It has long been the practice of the China National Intellectual Property Administration (“CNIPA”) not to recognize retailing as a protectable service per se. However, this administrative practice does not seem to have impaired the willingness of Chinese courts to protect retail related rights and interests of brand owners.

In a recent case, FENDI S.R.L. vs Shanghai Yilang International Trading Co., Ltd. (“Yilang”) and Capital Outlets (Kunshan) Business Development Co., Ltd., (“Capital Outlets”), the Shanghai Higher People’s Court expressly held that the resellers’ unfair use of the brand owner’s mark in retail trade shall be prohibited under the law.

Summary of the case

Yilang is the owner of an outlet store located in a shopping centre developed by Capital Outlets in Kunshan city, which is adjacent to Shanghai. This outlet store offered for sale “FENDI” branded goods, which it sourced from a French licensed distributor of the brand owner FENDI S.R.L. (“FENDI Italy”). During the course of trade, Yilang not only attached the logo to its price information boards, shopping bags and packaging, but also directly adopted the “FENDI” logo as its store signage. Also, the operator of the outlet shopping centre, Capital Outlets, printed the “FENDI” name on its signage boards to identify Yilang’s outlet store and also promoted the “FENDI” branded products in its product catalogues and social media.

In China, FENDI Italy sells its branded apparel products through its affiliate FENDI (Shanghai) Trading Co., Ltd. (“FENDI Shanghai”). As of April 2016, FENDI Shanghai had established 25 directly operated stores in China.

In 2016, FENDI Italy sued Yilang and Capital Outlets for trade mark infringement and unfair competition and claimed RMB 1 million in damages. The court of first instance dismissed the claim of FENDI Italy on the grounds that use of the “FENDI” mark by Yilang and Capital Outlets amounts to “fair use” under the law. FENDI Italy then appealed to the Shanghai IP Court who, after a further review, overturned the judgment of first instance. The court of second instance found that:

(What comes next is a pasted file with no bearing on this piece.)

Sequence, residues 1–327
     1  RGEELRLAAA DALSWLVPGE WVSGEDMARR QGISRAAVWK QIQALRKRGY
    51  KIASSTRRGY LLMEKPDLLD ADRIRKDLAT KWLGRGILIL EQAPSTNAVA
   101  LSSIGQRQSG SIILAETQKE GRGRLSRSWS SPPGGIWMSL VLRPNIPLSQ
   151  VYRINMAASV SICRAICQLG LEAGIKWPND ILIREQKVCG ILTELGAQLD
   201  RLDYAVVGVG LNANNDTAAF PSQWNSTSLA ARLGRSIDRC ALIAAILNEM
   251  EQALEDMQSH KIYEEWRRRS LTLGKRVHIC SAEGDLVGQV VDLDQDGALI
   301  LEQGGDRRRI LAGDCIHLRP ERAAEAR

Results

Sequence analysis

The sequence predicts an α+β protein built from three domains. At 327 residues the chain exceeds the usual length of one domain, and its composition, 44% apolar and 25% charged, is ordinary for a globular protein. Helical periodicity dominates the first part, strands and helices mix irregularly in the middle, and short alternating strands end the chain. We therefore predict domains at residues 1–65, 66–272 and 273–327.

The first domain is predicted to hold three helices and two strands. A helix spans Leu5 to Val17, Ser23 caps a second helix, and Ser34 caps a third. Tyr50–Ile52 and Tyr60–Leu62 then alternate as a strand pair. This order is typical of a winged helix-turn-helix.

1. Use of the “FENDI” logo as the store signage as well on signage boards of the shopping centre went beyond the scope of “fair use” as it would likely mislead consumers into believing a licensing relationship existed between the parties.
  2. Use of the “FENDI” logo by Yilang infringed the registered trade mark rights of FENDI Italy in class 35 (under international registration no. 1130243) which covers, inter alia, business management and business administration services.
  3. Use of the “FENDI” logo as store signage also contravened the trade name rights of FENDI Italy and therefore constitutes unfair competition.

In its judgment, the court awarded compensatory damages in the amount of RMB 350,000 (approx. US$ 55,000) to FENDI Italy.

Yilang and Capital Outlets appealed this unfavorable court decision to the Shanghai Higher People’s Court who rendered its final and non-appealable judgment in early March 2021. The court of final appeal affirmed that the owner of the retail store and its landlord were jointly liable for both trade mark infringement and unfair competition. The court also commented that the action of Yilang had blurred the distinction between the brand owner’s directly operated store and the unofficial and unauthorized reseller’s store.

Comments

While this case was decided on its own merits, it does shed some light on how a Chinese appellate court approaches the issue of “unfair use” in the context of retail services. While a retailer may refer to the trade marks of the goods that are sold in its store to promote sales, the court seemingly will impose restrictions on the extent of that use. In particular, it appears that use of a mark in a broader context, such as on store signage and the like, may be deemed “unfair use” and give rise to liability.

It is worth noting in this case that both appellate courts upheld the claim that the retailor and its landlord infringed the registered trade mark rights of FENDI Italy in class 35, even though the registration does not cover retail services per se. The courts apparently concluded that the retail services provided by Yilang were associated with, or were similar to, the specific Class 35 services covered by FENDI Italy’s existing registration. While this case does not create any general precedent, the success of FENDI Italy seems to suggest that a class 35 registration, even excluding specific mention of retail services, is a valuable tool in the arsenal of rights’ holders and may constitute a legal basis to prevent infringement in the retail sector in China.